- Planetary alignment peaks with celestial show this weekend
- UK fighters escort Pakistan plane to airport, two arrests
- Arizona jury foreman says believed Jodi Arias was abused
- Judge rules against 'America's toughest sheriff' in racial profiling lawsuit
- Stockholm calmer but violence spreads outside Swedish capital |
UPDATE 2-EU, China leaders agree to avoid protectionism
* Business leaders say trade spats inevitable, unfortunate
* China to continue buying European bonds
* Beijing on track to meet annual growth target
By Ethan Bilby and Kevin Yao
BRUSSELS, Sept 20 (Reuters) - European Union and Chinese leaders agreed on Thursday to avoid trade protectionist measures, following months of increasing tensions, with China undertaking to continue investing in European debt.
At the 15th summit between the world's largest trading bloc and China, the second largest economy, Premier Wen Jiabao played down disputes with Europe over Beijing's export policies and trade practices.
"We both follow free and open economic and trade policies, reject trade protectionism and work to advance economic globalisation," Wen told a business conference on the sidelines of the summit.
Trade between the two has doubled over the past eight years. But recently there have been disagreements, including the European Commission's accusation earlier this month that China had been selling solar panels below cost in the EU.
The Chinese leader said he believed Europe would be able to overcome its debt crisis and that China would continue to play a role by investing in European debt.
"In recent months, China has been continuing to invest in the euro zone government bonds and bonds issued by the European Financial Stability Facility (EFSF)," he said.
"Europe is one of the main markets for China to invest its foreign exchange reserves and China will continue to participate in efforts to tackle Europe's debt crisis through appropriate channels."
China is also in talks on making other investments, Wen said. China's foreign exchange reserves are the world's largest at $3.24 trillion and economists say roughly a quarter of that consists of euro-denominated assets.
Wen told the forum that China's economy would stabilise as policy measures gain traction and that it was on track to meet its annual economic growth target.
Beijing has set a 7.5 percent target for economic growth in 2012 but some economists think that could be missed because of a global slowdown.
Wen's delegation met Jose Manuel Barroso, president of the executive European Commission, Herman Van Rompuy, who heads the European Council representing national governments, and EU Trade Commissioner Karel De Gucht.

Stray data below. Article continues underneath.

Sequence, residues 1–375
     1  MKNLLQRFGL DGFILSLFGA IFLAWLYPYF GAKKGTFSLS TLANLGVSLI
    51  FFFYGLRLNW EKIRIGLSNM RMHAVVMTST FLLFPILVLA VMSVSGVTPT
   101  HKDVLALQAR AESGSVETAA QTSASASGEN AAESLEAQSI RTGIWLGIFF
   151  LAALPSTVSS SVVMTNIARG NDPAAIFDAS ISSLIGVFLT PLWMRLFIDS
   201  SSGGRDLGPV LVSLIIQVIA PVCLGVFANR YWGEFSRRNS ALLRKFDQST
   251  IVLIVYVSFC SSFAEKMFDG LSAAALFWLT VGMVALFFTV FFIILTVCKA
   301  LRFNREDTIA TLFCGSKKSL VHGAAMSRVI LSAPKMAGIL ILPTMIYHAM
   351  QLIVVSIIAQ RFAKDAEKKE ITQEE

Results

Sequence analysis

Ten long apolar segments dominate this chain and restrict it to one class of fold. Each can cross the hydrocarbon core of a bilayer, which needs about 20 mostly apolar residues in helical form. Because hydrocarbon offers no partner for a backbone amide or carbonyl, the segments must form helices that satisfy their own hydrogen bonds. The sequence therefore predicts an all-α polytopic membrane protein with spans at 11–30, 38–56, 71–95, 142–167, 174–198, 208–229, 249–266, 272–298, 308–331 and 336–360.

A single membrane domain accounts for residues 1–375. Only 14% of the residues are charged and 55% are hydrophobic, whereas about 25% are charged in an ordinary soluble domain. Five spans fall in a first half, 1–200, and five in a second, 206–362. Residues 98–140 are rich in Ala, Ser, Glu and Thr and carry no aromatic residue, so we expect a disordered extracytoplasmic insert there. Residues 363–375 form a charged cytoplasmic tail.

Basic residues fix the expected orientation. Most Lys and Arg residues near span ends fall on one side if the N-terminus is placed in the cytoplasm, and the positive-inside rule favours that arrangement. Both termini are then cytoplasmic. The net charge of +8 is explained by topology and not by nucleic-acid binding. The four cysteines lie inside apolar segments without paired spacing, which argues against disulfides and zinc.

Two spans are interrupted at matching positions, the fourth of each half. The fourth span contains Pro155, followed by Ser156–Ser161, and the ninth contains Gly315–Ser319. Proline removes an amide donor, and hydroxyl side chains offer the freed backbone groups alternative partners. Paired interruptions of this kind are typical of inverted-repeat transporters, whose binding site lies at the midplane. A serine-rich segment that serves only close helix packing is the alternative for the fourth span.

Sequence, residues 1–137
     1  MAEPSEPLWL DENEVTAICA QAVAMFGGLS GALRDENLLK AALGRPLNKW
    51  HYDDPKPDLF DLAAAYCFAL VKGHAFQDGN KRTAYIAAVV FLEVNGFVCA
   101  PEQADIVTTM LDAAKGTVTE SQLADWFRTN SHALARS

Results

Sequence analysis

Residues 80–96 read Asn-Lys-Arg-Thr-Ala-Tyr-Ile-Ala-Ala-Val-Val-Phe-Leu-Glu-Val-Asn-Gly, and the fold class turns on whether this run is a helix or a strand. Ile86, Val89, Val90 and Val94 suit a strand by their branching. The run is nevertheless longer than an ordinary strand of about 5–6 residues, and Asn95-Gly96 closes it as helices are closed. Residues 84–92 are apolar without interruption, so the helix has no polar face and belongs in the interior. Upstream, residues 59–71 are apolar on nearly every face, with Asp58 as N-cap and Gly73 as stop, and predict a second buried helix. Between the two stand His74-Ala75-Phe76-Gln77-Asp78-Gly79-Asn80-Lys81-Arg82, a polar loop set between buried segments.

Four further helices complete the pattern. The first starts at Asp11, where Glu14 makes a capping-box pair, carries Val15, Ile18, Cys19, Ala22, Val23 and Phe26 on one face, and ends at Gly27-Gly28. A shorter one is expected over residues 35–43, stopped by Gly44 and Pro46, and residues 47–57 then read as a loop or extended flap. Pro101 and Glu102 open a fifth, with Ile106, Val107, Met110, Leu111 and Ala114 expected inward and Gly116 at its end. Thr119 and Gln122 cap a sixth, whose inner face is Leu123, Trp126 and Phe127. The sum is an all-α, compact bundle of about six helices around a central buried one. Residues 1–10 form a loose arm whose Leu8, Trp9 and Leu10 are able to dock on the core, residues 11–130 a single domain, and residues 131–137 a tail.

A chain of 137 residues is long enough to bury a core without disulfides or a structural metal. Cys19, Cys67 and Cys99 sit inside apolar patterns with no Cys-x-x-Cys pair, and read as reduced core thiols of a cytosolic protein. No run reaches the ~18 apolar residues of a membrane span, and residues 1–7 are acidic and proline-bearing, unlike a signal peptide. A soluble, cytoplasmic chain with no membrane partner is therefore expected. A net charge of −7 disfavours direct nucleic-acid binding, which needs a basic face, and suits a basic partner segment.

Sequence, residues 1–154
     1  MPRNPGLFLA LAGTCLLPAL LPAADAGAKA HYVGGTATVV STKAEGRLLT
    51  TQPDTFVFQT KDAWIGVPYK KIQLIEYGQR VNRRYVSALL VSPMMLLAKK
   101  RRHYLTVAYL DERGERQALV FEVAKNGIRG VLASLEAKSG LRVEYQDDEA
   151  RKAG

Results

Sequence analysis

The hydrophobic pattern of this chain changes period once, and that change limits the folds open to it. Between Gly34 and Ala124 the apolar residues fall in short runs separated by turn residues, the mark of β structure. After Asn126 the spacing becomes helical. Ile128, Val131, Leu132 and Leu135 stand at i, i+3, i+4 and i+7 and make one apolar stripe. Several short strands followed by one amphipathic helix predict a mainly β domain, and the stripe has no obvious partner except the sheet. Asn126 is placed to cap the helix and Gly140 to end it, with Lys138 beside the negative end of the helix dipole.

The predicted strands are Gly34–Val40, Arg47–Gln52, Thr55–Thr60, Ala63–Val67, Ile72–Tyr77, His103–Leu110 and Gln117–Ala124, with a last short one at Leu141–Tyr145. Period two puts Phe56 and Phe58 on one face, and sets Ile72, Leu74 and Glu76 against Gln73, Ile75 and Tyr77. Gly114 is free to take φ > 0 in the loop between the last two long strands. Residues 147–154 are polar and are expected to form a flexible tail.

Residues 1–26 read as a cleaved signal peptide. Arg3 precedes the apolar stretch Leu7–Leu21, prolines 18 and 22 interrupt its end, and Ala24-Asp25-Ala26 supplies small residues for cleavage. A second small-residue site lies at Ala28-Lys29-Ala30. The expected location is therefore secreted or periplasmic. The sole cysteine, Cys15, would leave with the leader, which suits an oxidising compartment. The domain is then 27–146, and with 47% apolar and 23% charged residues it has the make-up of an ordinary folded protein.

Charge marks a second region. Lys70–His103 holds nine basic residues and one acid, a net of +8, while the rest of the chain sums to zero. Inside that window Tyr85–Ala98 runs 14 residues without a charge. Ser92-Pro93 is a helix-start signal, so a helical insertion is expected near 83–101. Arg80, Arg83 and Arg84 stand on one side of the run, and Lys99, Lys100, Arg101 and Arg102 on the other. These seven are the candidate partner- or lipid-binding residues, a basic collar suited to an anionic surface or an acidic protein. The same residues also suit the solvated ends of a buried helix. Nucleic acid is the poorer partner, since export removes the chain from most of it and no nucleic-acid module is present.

Overseas trade is one of few bright spots in Europe and a critical source of growth for the region's economy which has slumped under the weight of the debt and banking crises. EU gross domestic product is falling and unemployment steadily rising.
Trade between China and the European Union rose to 428 billion euros ($554 billion) in 2011 and Chinese companies are increasingly investing in Europe.
Business leaders said that accompanying flare-ups were unavoidable, but that they wanted as few as possible.
"As the global economy remains weak, trade frictions are on the rise," said Wan Jifei, chairman of China Council for the Promotion of International Trade, told executives at the business conference.
This, he said, was "inevitable as China's foreign trade expands and many countries face a series of difficulties and challenges".
The EU's most recent anti-dumping action, on Wednesday, targeted organic coated steel products from Chinese companies, including Baoshan Iron and Steel Co.
Zou Changzheng, chairman of Baoshan unit Baosteel Europe, said Chinese companies should exercise restraint as they move into overseas markets. "And for Europe, there should be fewer such cases initiated," he said in a speech.
Europeans think China could defuse some of the spats by opening its market for public projects and procurement, and by giving foreign companies better legal protection in China. One way to do this would be for China to join the World Trade Organisation's global procurement agreement.
Alain Berger, head of French energy and transport company Alstom SA's EU office, said there was discrimination against overseas companies in big Chinese contracts.
"When you are working in China as we do, you don't have any sort of legal security ... that you will continue having access to the public procurement market," he told Reuters.
But at least one businessman was sanguine about the challenges.
"Our products and industry don't have competitors in Europe," said sewing machine maker Feiyue Group president Qiu Jibao. "The key is to have original products."
- Tweet this
- Share this
- Digg this